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Treatment Name: Intraperitoneal (IP) Cisplatin + IP Pacli­taxel + Intra­venous (IV) Pacli­taxel

Intraperitoneal (IP) Cisplatin + IP Pacli­taxel + Intra­venous (IV) Pacli­taxel is a Chemotherapy Regimen for Ovarian Cancer

How does this IP cisplatin + IP paclitaxel + Intravenous (I.V.) paclitaxel work?
Each of the medications in this regimen are designed to enter inside and then kill ovarian cancer cells. Intraperitoneal (I.P) chemotherapy is given into the abdominal cavity as a way to increase chemotherapy exposure to ovarian cancer cells.

Goals of therapy:
I.P. cisplatin + I.P. paclitaxel + I.V. paclitaxel is given to kill any remaining tumor cells after debulking surgery is performed to remove cancer tissue from the abdomen. Depending upon the stage of cancer and the success of surgery, I.P. cisplatin + I.P. paclitaxel + I.V. paclitaxel may be given with the goal of cure. Women who have no detectable ovarian cancer after surgery or cancer less than 1 cm in size have been shown to benefit most from this treatment, when compared to women who have residual tumors greater than 1 cm in size.


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  • Paclitaxel continuous intravenous (I.V.) infusion over 24 hours on Day 1, ending Day 2
    • An alternate version is Paclitaxel I.V. infusion over 3 hours on Day 1
  • Cisplatin intraperitoneal (I.P.) infusion given rapidly via gravity (no pump) on Day 2
  • Paclitaxel intraperitoneal (I.P.) infusion given rapidly via gravity (no pump) on Day 8
    • Approximately 1 to 2 hours is spent lying down after intraperitoneal chemotherapy is infused. During this time you will be asked to reposition your body approximately every 15 minutes. This is done to help disperse the chemotherapy throughout the peritoneal space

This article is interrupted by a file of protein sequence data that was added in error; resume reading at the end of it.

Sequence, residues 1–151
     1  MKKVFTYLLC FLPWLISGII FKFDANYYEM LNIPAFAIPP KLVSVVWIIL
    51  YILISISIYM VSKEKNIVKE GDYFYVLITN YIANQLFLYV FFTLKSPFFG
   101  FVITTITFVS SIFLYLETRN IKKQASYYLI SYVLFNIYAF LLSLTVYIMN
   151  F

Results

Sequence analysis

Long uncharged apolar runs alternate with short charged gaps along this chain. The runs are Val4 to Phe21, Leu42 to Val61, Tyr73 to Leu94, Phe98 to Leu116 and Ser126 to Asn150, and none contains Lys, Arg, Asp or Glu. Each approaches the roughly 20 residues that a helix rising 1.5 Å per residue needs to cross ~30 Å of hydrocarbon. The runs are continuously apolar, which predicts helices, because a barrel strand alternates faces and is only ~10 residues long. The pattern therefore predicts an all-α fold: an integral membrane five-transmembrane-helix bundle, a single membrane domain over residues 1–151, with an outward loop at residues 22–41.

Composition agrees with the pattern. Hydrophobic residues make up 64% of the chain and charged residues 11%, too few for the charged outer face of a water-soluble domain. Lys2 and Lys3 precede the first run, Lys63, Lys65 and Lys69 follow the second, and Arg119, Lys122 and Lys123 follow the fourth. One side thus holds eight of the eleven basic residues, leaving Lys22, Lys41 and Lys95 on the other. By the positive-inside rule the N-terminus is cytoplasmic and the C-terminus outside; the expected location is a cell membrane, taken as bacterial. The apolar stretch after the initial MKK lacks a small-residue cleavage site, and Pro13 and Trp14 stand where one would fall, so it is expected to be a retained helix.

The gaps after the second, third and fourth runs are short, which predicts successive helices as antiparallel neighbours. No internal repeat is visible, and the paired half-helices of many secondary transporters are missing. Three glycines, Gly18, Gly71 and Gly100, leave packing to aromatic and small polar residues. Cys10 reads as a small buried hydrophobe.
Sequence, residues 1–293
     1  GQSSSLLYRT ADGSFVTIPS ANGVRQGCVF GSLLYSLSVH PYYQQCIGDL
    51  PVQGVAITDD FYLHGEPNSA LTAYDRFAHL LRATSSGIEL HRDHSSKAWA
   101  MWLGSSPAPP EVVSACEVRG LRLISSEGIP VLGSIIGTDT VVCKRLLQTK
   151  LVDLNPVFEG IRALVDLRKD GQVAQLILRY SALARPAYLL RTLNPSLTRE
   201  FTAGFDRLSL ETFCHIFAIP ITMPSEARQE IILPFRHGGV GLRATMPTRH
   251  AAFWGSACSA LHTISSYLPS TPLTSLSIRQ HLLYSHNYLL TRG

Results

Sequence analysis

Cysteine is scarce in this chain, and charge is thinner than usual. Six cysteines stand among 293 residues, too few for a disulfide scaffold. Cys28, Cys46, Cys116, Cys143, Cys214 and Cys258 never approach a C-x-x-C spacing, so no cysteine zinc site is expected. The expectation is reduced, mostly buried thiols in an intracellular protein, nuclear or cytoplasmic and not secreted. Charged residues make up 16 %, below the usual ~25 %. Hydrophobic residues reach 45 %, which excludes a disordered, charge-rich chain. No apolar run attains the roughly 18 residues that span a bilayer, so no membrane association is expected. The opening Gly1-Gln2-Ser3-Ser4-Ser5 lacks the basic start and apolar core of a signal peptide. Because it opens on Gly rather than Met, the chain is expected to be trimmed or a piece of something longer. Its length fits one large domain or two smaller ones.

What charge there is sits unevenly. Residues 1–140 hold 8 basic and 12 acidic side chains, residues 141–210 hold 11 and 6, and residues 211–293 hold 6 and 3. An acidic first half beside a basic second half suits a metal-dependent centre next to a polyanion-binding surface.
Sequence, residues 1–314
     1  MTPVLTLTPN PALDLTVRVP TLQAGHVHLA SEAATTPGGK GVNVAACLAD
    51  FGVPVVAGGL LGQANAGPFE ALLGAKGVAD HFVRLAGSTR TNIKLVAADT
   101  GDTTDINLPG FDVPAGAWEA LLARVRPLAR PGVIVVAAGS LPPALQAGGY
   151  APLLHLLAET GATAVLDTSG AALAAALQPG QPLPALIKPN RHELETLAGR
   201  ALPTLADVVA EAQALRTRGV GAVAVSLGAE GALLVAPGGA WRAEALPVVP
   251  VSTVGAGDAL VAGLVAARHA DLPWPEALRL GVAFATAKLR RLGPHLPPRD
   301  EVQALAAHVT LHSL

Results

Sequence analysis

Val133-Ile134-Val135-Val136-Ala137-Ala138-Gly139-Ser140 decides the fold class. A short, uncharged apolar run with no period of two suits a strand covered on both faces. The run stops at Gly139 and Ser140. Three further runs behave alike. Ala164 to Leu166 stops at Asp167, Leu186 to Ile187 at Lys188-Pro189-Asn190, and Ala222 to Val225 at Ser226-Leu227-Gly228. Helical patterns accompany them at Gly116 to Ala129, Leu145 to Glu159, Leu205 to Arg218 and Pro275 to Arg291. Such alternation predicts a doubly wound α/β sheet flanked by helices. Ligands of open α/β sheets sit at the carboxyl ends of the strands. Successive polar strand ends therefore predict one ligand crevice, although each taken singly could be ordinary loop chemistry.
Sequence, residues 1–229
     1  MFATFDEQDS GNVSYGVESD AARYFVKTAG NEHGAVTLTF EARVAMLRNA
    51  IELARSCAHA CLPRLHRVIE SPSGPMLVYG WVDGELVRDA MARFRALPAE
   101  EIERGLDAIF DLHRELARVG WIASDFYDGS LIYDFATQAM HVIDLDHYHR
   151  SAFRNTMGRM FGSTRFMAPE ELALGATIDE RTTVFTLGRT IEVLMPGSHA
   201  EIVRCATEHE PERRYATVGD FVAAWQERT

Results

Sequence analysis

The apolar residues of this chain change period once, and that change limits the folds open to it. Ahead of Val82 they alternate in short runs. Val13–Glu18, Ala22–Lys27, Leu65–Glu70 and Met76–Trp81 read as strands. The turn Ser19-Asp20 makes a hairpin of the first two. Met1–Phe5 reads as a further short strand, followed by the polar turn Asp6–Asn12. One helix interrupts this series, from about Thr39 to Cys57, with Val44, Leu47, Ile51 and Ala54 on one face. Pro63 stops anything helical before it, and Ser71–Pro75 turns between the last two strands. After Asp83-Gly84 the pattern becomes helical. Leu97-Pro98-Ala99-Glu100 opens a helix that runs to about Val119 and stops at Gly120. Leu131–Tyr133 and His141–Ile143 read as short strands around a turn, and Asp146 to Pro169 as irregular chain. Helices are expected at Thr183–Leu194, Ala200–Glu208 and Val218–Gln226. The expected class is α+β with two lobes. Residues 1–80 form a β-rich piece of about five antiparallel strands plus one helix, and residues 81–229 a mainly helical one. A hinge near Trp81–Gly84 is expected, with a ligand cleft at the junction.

Estimated total infusion time for this treatment:

  • Up to 24 hours for Day 1 of each cycle
    • Alternate version is up to 4 hours on day one for Paclitaxel plus premedications
  • Intraperitoneal infusion time on Day 2 and Day 8 can vary. It can take as short at 30 minutes and as long as 2 to 3 hours to infuse
  • Typically, I.V. hydration is given both before and after cisplatin and can add up to two hours
  • Infusion times are based on clinical studies, but may vary depending on doctor preference or patient tolerability. Pre-medications and intravenous (I.V.) fluids, such as hydration, may add more time

I.P. cisplatin + I.P. paclitaxel + I.V. paclitaxel is usually given in an outpatient infusion center, allowing the person to go home afterwards.

I.P. cisplatin + I.P. paclitaxel + I.V. paclitaxel is repeated every 21 days. This is known as one Cycle. Each cycle may be repeated up to six times, depending upon the stage of the disease. Duration of therapy may last up to six months, depending upon response, tolerability, and number of cycles prescribed.

Click here for the common I.P. cisplatin + I.P. paclitaxel + I.V. paclitaxel starting doses.

Side Effects

In a multi-drug regimen, each medication has unique side effects. When these medicines are given together, drug-related side effects reported in clinical studies give the best estimate of what to expect. In clinical studies, the most commonly reported IP cisplatin + IP paclitaxel + IV paclitaxel side effects are shown here:

Although the exact incidence is not reported in clinical trials, abdominal pain, abdominal discomfort, nausea, with or without vomiting are common side effects of intraperitoneal chemotherapy.

On average, 17% of patients discontinue the intravenous treatment and 58% of patients discontinue the intraperitoneal treatment due to unacceptable side effects or problems with the intraperitoneal catheter (port).

Side effect videos Side Effect Videos
Fatigue Fatigue PainPainNausea and VomitingNausea and VomitingAnemiaAnemiaConstipationConstipationDiarrheaDiarrhea